Ever-improving Novak Djokovic has adapted his game to win everywhere

As the fourth set of Sunday’s Wimbledon final hung in the balance for whoever had the courage to take it, Matteo Berrettini made his move while leading 3-2, 15-30 on Novak Djokovic’s serve. He struck an exquisite down-the-line backhand slice, then unloaded on an inside-out forehand into the other corner. The crowd gasped, anticipating the end of the point. But somehow Djokovic chased down both shots. Then he reached Berrettini’s subsequent drop shot, slotting an angled forehand past the Italian at the net.

It was the type of point that has defined Djokovic for so long – the movement, the flexibility and the composure to see out the point with such delicate touch at the end. As the fourth set wore on, it became the definitive moment of the match as Djokovic took the final four games to win his 20th grand slam title.

The defensive talents of Djokovic have always been his most distinctive quality, but the focus on these strengths can sometimes be detrimental to the overall understanding of his game. He is constantly likened to a wall and a machine, which does not reflect the breadth of his abilities.

For example, his dominance at Wimbledon is often rationalised as a reflection of the slowing of the surface since 2002. This has certainly ushered in a new era of baseline supremacy, squeezing out serve-and-volley players, but Djokovic has adapted his own game to suit the characteristics of grass in a way that many others have not.

The steady improvement of his serve over the years, which has flourished even more since he hired Goran Ivanisevic as his coach, has been startling andat Wimbledon he mixed up his game. In important moments during his semi-final against Denis Shapovalov and in the final, Djokovic snuck into the net and chose a number of unexpected serve-and-volley attempts well, clinching numerous important points with calm volleys.

He finished with 76% of net points won, 144 van 190 punte, which ranks him No 1 of those who reached week two. Djokovic attempted to serve and volley on 41 of his 618 punte, 7% of his total points played. The average serve-and-volley rate for male players at Wimbledon this year was 4%. Djokovic won 88% of those serve-and-volley points, Geen 1 among those with more than 10 attempts.

According to Ivanisevic, people still underestimate the quality of his player’s volleys: “He is not a serve-and-volleyer. He’s never going to be a serve-and-volleyer [maar] he likes to play doubles. He has very solid volleys. He improved his serve. When he’s against Shapo, he was serve [and volleying] a lot because he felt great at the net.”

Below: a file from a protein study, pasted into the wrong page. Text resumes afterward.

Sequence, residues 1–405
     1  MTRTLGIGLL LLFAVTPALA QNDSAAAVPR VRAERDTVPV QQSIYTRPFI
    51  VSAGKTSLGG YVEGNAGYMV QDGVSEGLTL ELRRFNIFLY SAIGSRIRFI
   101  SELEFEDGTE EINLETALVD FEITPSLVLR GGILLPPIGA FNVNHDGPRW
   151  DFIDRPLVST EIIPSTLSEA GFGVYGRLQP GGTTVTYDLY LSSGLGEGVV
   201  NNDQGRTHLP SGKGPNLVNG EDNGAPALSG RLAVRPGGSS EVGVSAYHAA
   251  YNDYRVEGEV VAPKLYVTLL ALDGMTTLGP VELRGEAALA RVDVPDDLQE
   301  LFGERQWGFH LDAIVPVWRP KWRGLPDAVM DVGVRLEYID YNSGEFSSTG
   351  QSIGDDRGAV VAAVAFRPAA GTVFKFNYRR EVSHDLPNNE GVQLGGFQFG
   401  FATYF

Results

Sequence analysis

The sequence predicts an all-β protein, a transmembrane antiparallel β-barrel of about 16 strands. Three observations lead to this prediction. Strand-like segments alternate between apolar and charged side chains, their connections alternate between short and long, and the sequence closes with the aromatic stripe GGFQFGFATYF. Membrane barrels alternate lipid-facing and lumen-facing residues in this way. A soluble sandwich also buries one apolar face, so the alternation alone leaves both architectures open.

Not all facets of Djokovic’s game seamlessly translates to television. The spectacle of him constantly deflecting service bombs to the laces of his opponents is most stunning in person, as is how he keeps his opponents off balance with subtle changes of shot pace, spin, slice and direction, something not as visible from the distant camera angle. Djokovic’s ability to morph into whatever is required on any given day, to grind with Rafael Nadal on slow clay and then to go serve for serve with the best on faster surfaces, remains a unique, underrated attribute.

Djokovic has equalled Nadal and Roger Federer on 20 grand slam titles by becoming one of the most complete players the sport has seen. Even during points in the tournament when he did not play well but won the big points and advanced, his assuredness was clearly rooted in how many options he has and how he has no real weaknesses to be exploited: “I feel like I’m probably the most complete that I’ve been as a player,” he said on Sunday.

As he continues to win grand slam titles at an unprecedented rate in his thirties, these qualities will put him in the best position of being able to sustain his game, even as his athleticism continues to wane. Even as some of those improbable defensive shots no longer find their way back over the net.

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